U.S. military sets high-stakes missile-shield test
WASHINGTON (Reuters) - The U.S. military is set to run a "realistic" test Friday of a system built to knock out long-range missiles that could be fired by North Korea or Iran, the Pentagon said.
The drill, over the Pacific, will be the first since September 2007 involving an attempted intercept by the sole U.S. shield against long-range ballistic missiles.
Boeing Co is prime contractor for the system, called the ground-based midcourse defense. It is part of an emerging, layered shield against missiles that could be tipped with chemical, biological or nuclear warheads.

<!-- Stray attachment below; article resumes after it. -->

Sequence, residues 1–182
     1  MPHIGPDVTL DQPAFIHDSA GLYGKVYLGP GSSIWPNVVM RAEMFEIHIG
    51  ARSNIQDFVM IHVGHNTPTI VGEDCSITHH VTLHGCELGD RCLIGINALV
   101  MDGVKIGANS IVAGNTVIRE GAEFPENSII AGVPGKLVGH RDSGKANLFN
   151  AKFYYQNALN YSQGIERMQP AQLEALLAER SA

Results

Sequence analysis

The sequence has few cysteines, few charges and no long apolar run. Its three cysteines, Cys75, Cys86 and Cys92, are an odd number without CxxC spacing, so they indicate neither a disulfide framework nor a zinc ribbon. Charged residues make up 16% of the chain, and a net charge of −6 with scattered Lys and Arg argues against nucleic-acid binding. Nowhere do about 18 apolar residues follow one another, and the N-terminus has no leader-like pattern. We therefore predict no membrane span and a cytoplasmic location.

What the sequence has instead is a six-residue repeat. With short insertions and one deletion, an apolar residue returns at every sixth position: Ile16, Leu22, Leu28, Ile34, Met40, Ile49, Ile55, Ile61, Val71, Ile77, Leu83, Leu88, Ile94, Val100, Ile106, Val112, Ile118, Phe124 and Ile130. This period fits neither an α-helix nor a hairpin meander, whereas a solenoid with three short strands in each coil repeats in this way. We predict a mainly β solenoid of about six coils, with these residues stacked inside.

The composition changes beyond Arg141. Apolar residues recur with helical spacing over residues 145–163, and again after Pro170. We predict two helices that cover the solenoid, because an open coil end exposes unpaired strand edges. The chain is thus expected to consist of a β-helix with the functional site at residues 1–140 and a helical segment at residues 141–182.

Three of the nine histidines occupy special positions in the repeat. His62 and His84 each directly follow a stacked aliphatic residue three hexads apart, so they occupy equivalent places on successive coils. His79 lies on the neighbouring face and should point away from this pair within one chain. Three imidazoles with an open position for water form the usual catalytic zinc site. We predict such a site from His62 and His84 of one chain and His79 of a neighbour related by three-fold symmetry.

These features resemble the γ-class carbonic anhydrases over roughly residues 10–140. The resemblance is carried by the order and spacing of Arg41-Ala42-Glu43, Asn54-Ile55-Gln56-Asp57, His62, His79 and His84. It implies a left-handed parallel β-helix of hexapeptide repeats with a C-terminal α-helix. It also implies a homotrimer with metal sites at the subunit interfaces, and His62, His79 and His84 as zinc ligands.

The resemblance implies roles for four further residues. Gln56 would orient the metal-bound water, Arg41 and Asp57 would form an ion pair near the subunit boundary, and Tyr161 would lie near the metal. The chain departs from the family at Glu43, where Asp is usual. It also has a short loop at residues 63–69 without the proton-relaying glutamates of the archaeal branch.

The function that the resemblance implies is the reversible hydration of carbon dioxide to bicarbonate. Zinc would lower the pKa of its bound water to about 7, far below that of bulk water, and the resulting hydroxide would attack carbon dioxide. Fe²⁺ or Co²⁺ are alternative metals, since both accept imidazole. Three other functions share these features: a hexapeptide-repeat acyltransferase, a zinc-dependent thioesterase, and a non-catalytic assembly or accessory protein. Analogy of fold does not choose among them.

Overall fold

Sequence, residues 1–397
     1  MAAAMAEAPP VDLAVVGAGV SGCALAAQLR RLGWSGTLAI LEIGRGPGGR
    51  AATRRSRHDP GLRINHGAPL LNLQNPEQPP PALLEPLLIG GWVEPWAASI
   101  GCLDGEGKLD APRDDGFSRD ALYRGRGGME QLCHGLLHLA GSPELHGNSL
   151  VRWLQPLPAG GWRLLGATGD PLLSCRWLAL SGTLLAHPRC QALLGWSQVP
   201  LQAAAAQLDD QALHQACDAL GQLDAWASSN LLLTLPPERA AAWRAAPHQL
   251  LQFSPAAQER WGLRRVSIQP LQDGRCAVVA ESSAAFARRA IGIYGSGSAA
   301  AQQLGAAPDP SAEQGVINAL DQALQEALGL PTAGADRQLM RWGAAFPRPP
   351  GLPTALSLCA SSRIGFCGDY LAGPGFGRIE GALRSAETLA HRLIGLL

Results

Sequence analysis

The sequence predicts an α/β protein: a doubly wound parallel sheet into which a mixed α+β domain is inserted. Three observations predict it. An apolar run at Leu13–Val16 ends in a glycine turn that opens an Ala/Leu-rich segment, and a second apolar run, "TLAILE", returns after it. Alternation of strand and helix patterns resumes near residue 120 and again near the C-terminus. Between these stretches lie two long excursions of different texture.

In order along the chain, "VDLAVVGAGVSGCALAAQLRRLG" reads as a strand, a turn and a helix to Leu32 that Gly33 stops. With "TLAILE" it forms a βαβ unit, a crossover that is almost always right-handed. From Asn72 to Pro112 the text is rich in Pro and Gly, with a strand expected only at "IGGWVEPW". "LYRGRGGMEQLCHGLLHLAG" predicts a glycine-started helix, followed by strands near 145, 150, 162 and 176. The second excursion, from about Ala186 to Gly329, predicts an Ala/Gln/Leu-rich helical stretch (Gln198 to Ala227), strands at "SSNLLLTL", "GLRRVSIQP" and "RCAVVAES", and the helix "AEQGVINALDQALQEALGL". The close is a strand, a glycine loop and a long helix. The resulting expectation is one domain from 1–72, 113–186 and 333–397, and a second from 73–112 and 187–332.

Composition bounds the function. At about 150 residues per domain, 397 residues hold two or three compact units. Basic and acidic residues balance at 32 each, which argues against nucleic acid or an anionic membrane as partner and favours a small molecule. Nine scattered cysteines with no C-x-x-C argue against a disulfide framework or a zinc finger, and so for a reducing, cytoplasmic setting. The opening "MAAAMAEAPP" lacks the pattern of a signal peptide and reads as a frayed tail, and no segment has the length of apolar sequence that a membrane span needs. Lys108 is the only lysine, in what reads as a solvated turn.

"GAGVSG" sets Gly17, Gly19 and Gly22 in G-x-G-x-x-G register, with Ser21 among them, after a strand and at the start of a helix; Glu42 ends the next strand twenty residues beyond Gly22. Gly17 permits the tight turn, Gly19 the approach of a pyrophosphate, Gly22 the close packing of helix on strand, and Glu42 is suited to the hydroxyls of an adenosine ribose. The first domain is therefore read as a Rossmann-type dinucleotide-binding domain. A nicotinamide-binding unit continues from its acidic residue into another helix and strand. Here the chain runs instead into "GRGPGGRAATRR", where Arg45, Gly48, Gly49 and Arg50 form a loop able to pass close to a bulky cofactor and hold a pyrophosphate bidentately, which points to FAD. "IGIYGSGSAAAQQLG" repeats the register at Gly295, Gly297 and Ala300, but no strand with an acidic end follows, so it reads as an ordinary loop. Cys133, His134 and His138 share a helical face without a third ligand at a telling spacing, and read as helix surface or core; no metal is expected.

"Target is representative of the type we would expect from a country like North Korea or Iran," said Richard Lehner, a spokesman for the Pentagon's Missile Defense Agency.
"It is also realistic in terms of distance involved, trajectory, speed and timeframe, i.e., about 30 minute flight of threat missile," he said in an emailed reply to Reuters.